Eating a modest amount of walnuts can protect against prostate cancer, a new study has claimed.
Researchers from the School of Medicine at The University of Texas Health Science Center at San Antonio injected immune-deficient mice with human prostate cancer cells.
Within three to four weeks, tumours typically started to grow in a large number of these mice. The study asked whether a walnut-enriched diet versus a non-walnut diet would be associated with reduced cancer formation. A previous study found this to be true for breast cancer.
The study found that three of 16 mice (18 per cent) eating the walnut-enriched diet developed prostate tumours, compared with 14 of 32 mice (44 per cent) on the non-walnut control diet.
Also, the final average tumour size in the walnut-fed animals was roughly one-fourth the average size of the prostate tumours that developed in the mice eating the control diet.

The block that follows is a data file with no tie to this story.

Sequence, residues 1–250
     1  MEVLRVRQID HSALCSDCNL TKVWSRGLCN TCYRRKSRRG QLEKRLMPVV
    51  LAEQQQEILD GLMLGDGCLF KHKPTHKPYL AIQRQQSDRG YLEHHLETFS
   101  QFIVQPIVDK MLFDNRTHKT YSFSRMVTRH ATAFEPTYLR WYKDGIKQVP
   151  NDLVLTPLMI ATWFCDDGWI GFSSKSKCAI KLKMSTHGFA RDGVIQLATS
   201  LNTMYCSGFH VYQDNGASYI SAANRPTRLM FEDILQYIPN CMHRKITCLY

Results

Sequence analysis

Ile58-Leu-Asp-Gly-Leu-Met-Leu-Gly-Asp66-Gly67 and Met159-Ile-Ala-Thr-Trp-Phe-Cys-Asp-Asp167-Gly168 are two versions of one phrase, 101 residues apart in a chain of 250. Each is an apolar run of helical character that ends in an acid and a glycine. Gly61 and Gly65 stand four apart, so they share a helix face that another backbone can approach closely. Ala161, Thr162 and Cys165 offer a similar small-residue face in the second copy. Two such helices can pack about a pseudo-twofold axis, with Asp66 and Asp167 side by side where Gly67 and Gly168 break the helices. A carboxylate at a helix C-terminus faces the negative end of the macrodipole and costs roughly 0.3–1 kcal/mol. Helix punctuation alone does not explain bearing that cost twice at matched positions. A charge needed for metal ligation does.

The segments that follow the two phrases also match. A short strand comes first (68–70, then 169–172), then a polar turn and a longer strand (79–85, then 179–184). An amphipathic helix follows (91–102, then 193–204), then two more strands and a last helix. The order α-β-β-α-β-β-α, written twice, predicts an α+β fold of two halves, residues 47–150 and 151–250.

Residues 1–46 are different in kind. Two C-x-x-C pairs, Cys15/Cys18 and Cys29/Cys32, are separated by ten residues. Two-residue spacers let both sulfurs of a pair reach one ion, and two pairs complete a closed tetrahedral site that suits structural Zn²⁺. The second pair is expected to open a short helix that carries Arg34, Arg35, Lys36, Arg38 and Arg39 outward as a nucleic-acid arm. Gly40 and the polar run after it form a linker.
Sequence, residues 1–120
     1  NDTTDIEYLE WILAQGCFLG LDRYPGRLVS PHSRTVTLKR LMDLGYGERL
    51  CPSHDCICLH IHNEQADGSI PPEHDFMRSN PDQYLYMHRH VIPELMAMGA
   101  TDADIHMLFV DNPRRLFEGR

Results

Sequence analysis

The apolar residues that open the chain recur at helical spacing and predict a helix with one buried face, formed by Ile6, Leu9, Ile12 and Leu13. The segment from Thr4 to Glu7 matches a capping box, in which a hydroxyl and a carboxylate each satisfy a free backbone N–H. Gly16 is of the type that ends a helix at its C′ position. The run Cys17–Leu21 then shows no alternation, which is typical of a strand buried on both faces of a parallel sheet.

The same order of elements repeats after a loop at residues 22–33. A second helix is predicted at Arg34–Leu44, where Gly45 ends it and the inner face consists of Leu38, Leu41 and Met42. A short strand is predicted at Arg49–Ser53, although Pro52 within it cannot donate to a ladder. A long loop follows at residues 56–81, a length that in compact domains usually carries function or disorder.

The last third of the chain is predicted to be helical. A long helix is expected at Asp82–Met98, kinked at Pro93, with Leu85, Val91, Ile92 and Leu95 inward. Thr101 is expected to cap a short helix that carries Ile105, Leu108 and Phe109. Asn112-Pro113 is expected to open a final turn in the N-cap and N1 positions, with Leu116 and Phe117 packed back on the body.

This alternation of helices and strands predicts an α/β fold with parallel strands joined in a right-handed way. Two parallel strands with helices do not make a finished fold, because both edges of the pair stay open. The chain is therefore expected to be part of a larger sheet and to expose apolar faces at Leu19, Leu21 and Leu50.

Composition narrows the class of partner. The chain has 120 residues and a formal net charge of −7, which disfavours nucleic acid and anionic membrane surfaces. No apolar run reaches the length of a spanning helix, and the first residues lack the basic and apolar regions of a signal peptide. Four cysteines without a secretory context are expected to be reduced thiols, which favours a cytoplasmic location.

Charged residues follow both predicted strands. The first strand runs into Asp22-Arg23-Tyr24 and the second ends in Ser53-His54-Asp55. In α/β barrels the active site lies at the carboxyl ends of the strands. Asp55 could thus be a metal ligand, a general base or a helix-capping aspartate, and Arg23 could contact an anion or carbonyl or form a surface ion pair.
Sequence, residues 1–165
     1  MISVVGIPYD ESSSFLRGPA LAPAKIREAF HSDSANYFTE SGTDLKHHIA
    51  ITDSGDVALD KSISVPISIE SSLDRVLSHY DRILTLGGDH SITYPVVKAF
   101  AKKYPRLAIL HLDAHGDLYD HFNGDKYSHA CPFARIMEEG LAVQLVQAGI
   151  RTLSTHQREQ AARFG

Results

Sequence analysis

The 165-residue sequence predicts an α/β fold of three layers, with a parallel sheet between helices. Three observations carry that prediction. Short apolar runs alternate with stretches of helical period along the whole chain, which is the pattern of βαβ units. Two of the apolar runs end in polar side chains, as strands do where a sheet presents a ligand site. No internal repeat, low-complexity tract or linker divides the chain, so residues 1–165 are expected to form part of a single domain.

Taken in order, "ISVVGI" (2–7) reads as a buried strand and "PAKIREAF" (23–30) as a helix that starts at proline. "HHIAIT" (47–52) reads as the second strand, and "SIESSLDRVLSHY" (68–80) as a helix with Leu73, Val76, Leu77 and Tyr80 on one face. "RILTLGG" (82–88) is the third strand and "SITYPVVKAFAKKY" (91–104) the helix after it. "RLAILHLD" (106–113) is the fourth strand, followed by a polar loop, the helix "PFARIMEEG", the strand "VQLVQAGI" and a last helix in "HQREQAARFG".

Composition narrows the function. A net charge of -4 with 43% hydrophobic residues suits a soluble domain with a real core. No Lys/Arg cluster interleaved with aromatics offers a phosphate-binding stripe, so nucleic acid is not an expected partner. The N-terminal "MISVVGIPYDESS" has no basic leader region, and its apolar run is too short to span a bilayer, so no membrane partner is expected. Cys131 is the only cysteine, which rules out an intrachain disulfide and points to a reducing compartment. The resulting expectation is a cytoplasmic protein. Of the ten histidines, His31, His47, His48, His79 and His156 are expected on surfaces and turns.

"We found the results to be stunning because there were so few tumours in animals consuming the walnuts and these tumours grew much more slowly than in the other animals," said study senior author Russel Reiter, professor of cellular and structural biology at the Health Science Center.
"We were absolutely surprised by how highly effective the walnut diet was in terms of inhibition of human prostate cancer," Reiter said.
The mice consumed a diet typically used in animal studies, except with the addition of a small amount of walnuts pulverised into a fine powder to prevent the rodents from only eating the walnuts.
"The walnut portion was not a large percentage of the diet. It was the equivalent to a human eating about 2 ounces, or two handfuls, a day, which is not a lot of walnuts," Reiter said.
Study co-author W Elaine Hardman, of the Joan C Edwards School of Medicine at Marshall University, had published a study in 2011 that showed fewer and smaller tumours among walnut-fed mice injected with human breast cancer cells.
"The data to date suggest that using walnuts on a regular basis in the diet may be beneficial to defer, prevent or delay some types of cancer, including breast and prostate," Reiter said.